"Mon métier et mon art c'est vivre."
-Michel Seigneur de Montaigne
"My trade and my art is living."
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Thursday, December 13, 2012
This Week On the Farm! Saturday May 12.
This week on the farm momentous things are happening! Earlier this week the new greenhouse was finished and we began planting (4 rows of tomatoes, 3 of eggplant and 1 of hot peppers = 6 rows - the eggplant and the peppers double up). (see gallery: Tomatoes!)
As any good gardener will tell you, every beautiful garden starts out as a pile of poo, or in our case, horse manure. Before construction even began on the greenhouse Jens tilled the entire site with the rototiller. After construction he again tilled each row individually to redefine it and fluff up the soil. We covered the rows with a fine layer of peat moss and with a thick layer of the aforementioned horse manure. Finally Jens again tilled the rows to create soft, rich, pillowy beds ready to receive the plants.
About time too, the tomato plants especially have long ago out grown their nursery, each one easily topped 2 feet and some even have flowers, all growing in tiny 2 by 2 inch soil blocks! Amazing!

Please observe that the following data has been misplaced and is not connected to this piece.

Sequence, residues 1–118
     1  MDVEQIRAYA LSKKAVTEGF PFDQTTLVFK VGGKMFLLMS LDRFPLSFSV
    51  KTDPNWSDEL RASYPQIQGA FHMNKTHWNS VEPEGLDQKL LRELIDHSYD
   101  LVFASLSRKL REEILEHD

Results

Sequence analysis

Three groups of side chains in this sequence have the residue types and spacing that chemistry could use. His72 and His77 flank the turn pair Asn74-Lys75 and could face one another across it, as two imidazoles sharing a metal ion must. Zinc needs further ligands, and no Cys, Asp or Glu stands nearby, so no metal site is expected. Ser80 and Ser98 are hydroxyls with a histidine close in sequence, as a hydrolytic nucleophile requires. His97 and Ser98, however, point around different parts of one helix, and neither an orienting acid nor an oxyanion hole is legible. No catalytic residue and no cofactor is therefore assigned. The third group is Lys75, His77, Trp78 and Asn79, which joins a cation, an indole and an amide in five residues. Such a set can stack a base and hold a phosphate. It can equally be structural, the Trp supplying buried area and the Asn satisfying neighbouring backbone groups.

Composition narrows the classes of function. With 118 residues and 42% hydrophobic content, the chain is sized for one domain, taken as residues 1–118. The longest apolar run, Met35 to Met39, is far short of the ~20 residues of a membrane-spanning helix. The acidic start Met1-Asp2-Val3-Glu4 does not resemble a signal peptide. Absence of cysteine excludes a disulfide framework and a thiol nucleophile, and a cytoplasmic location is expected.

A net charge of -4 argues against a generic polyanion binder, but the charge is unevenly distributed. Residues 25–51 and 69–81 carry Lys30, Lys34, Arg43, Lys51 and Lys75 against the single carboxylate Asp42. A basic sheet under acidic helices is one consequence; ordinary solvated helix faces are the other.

I have planted many tomatoes but never on this scale and never using this method, which will apparently create exceptionally strong plants that will bear loads of fruit! You learn something every day!
After digging a shallow furrow down the center of each new bed we sprinkled in a little organic fertilizer mix. We removed the bottom few leaves and laid each plant down horizontally in the trench about a foot and a half from its neighbour. Each plant’s stem was gently bent upwards just beneath the bottom remaining leaf. A pinch of Epsom salts sprinkled on the roots of each tomato plant and the soil was brought back to cover them and the now horizontal part of the stem.
In other news, we have moved the cows from their winter quarters in the, by now well eaten, front pasture and barn to the fresh new grass of the back pasture (minus the lonely bull who remains in the front pasture). To move them we simply walked behind the herd with a piece of (disconnected) electric fence. They thought the fence was on and so, naturally, stayed away from it. Another technique I’ve never seen but which works brilliantly!
One last word, about ducklings. Jens and Ayse went to get a batch of Indian Runner Ducks and Kaki Campbels and we moved them into their new home in the barn. So far they are doing great! Since we got them just over a week ago they have nearly tripled in size and we are looking forward to putting them outside soon. Once the nights are warm enough and they are a little bit bigger.